tech park orange city
MAP COURTESY CITY OF ORANGE CITY, VOLUSIA COUNTY, ENHANCEMENTS BY KAI SORENSEN OF THE BEACON BUILDING UP AND OUT — Along with the developments in the City of DeLand’s and Orange City’s portions of the former Southwest Activity Center, other developments are either on the way or completed, as this map shows. Trycon, a 26- acre mixed-use development in Orange City’s portion of the SWAC, was approved by the Orange City Council in 2020. There’s also the I-4 Logistics Park, a 128-acre project approved by the Deltona City Commission (see photo on Page 9A). That project is under construction, and will eventually include a 1 million-square-foot warehouse, along with two smaller 500,000-square-foot buildings. The I-4 Logistics Park will be just across the street from the Amazon fulfillment center at 2600 N. Normandy Blvd. in Deltona. That project began construction in early 2020 and opened for business later that year.

The DeLand City Commission approved two developments near the city’s southeast boundaries aiming to accomplish a project initially undertaken 30 years ago to draw visitors and locals to the intersection of DeLand, Deltona and Orange City. While the project, known as the Southwest Activity Center, formally dissolved in the 2000s, DeLand approved plans to build rental housing and commercial developments in the chunk of land Volusia County gave to the city.

Rezoning for the two developments, CTC DeLand and DeLand Tech Park, was approved on second reading by the DeLand City Commission Oct. 3.

DeLand Mayor Bob Apgar, who is nearing the end of his final term as mayor of DeLand, said it was exciting to see progress in an area the city has been interested in developing for so long.

“From a personal perspective, I’m glad to see that we’re going to finally have the realization of a project that would bring jobs and be a synergy for that part of our community,” he said.

CTC DeLand will see the construction of 233 multifamily units designed to mimic a single-family neighborhood at an approximately 29-acre parcel at the corner of the Dr. Martin Luther King Jr. Beltway and Cassadaga Road.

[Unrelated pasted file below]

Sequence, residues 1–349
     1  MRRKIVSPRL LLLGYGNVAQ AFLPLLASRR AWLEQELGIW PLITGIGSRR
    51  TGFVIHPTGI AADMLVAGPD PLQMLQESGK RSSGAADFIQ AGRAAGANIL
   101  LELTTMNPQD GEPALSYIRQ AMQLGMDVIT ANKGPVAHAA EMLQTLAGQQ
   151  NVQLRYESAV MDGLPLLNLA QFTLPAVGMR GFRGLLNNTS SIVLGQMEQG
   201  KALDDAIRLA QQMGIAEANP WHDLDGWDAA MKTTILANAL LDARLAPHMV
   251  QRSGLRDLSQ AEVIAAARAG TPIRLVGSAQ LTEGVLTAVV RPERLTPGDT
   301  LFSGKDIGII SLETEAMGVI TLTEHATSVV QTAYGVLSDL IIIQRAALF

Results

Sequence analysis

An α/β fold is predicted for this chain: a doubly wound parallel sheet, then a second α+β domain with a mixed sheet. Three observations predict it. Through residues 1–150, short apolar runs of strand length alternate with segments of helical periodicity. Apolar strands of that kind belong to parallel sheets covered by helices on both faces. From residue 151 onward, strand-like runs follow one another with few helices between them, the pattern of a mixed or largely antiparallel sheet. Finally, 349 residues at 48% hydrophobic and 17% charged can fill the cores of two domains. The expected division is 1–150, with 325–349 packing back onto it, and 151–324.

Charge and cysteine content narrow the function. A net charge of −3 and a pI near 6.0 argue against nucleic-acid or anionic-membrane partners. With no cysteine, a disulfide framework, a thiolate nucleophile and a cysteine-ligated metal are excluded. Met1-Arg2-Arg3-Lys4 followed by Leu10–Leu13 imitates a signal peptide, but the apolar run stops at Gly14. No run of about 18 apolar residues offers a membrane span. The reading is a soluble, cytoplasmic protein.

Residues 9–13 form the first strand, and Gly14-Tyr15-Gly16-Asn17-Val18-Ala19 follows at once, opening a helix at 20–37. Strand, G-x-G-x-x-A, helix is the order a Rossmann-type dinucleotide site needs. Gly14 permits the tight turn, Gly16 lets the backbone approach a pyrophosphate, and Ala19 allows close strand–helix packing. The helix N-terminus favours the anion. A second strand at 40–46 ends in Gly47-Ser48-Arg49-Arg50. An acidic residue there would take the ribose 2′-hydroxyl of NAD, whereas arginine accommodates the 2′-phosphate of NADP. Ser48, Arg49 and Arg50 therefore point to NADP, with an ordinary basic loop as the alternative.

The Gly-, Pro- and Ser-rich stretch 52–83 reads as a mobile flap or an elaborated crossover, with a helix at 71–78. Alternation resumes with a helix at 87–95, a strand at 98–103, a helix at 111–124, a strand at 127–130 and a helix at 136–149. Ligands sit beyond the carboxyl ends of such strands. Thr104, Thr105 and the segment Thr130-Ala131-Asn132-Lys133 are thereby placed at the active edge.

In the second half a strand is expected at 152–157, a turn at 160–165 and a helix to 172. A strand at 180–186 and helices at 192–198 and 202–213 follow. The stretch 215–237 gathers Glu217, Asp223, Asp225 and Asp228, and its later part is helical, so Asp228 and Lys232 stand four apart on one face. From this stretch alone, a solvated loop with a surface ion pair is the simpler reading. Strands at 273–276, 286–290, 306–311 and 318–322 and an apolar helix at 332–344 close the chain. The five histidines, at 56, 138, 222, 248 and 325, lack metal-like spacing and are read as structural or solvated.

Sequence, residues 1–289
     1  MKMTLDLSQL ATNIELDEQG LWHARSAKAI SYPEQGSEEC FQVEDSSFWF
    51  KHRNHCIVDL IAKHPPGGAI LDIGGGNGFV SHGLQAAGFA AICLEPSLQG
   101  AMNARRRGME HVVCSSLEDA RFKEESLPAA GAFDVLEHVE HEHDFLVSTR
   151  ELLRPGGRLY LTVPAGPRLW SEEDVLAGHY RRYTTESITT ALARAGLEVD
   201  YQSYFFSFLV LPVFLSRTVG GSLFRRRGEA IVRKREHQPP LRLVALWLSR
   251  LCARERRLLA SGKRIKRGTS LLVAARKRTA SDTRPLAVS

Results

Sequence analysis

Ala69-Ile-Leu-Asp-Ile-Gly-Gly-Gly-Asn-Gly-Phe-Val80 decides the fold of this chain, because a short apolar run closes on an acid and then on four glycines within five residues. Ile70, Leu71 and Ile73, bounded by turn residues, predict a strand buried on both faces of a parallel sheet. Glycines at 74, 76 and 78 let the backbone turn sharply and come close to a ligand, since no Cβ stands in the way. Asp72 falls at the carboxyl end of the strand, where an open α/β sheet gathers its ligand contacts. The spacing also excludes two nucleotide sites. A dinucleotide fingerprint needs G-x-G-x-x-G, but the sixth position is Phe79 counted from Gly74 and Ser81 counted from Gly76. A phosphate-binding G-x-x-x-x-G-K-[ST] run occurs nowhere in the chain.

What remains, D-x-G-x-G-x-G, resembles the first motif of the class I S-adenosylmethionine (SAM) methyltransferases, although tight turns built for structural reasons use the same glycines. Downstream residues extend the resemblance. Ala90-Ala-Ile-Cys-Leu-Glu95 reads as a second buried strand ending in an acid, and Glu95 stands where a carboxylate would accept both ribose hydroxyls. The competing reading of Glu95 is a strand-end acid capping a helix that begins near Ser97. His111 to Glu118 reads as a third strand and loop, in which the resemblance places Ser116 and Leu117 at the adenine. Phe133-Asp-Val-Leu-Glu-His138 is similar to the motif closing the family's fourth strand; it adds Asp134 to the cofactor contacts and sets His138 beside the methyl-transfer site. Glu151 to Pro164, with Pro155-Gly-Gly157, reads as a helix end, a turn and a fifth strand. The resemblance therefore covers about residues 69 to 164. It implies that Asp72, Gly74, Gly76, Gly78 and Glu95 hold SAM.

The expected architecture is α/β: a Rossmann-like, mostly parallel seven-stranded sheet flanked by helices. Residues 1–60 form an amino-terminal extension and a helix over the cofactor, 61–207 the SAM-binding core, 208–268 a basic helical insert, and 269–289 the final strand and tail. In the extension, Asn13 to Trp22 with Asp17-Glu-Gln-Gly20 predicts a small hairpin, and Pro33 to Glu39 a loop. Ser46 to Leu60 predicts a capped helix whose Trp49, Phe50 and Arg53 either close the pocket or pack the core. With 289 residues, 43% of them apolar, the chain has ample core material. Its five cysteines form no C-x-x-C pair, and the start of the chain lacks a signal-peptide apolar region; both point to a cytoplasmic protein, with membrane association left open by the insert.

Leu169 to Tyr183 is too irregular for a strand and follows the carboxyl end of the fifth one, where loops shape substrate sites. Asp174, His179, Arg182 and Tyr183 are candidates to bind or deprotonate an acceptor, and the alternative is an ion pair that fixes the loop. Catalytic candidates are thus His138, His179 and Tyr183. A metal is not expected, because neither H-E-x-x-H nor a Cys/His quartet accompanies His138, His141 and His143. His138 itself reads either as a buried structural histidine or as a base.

The cottage-style units won’t be targeted at first-time renters, but instead at people looking to downsize, or younger people able to afford above-market-rate housing.

At the development’s second reading for rezoning, the DeLand City Commission wanted to make sure that some of the project’s “mays” would become “shalls.”

DeLand attorney Mark Watts of Cobb Cole, representing developer Taylor Morrison, said the developer could guarantee a number of amenities, but some weren’t locked-in. The development’s clubhouse, pool and dog parks are definite, as are the multiuse trail connecting the adjacent properties and a butterfly garden.

“We may have supplemental trail areas and gazebos and other enhancements for open space as the engineering allows,” Watts said.

CTC DeLand was approved by the City Commission by a unanimous vote.

The second project is DeLand Tech Park, a 143-acre development just south of CTC DeLand with room for commercial and industrial growth in the form of warehouses and other buildings. 

Members of the community, like Stetson University professor Dr. Wendy Anderson, had expressed concern about DeLand allowing industrial development on its corner of State Road 472 and I-4 when neighboring cities were planning the very same thing, but Cobb Cole attorney Nika Hosseini said this project is in line with what DeLand has planned for the area.

“This is supposed to go here,” she said. 

Not only does it fit with the city’s comprehensive plan, she said, but it is in line with what was proposed at this location in the 1990s.

Mayor Apgar also confirmed that, despite fears that developments in neighboring municipalities were underway without DeLand being aware, city staff was aware of the projects.

While previously imagined as a Heathrow-style destination area at the intersection of multiple cities, DeLand Tech Park aims to bring more industrial development to the area. 

City Commissioner Chris Cloudman said he was OK giving up the prospect of a DeLand-Deltona-Orange City Heathrow, because DeLand already has a destination: its historic Downtown. Industrial warehouses on the city’s outskirts, he said, would keep heavy trucks from rattling down Woodland Boulevard Downtown.

As with CTC DeLand, the City Commission had a few changes to make with DeLand Tech Park, like putting language in the development agreement that caps the square footage of commercial development to ensure there is a diversity of commercial and industrial development, as well as smaller changes to what is allowed in each section of the project. 

Rezoning for DeLand Tech Park was approved by the City Commission on a unanimous vote. 

The next step for both projects is to bring more defined construction plans to the City Commission.


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